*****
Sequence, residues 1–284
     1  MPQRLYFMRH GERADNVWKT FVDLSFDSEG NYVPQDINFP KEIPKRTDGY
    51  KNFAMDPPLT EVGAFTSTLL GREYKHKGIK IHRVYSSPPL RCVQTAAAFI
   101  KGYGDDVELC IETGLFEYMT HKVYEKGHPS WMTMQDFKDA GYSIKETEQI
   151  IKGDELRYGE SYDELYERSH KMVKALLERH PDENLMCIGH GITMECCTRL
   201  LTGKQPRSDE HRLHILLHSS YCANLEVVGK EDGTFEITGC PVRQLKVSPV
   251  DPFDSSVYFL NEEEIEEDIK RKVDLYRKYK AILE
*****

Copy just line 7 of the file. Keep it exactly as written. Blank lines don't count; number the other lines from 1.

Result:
   251  DPFDSSVYFL NEEEIEEDIK RKVDLYRKYK AILE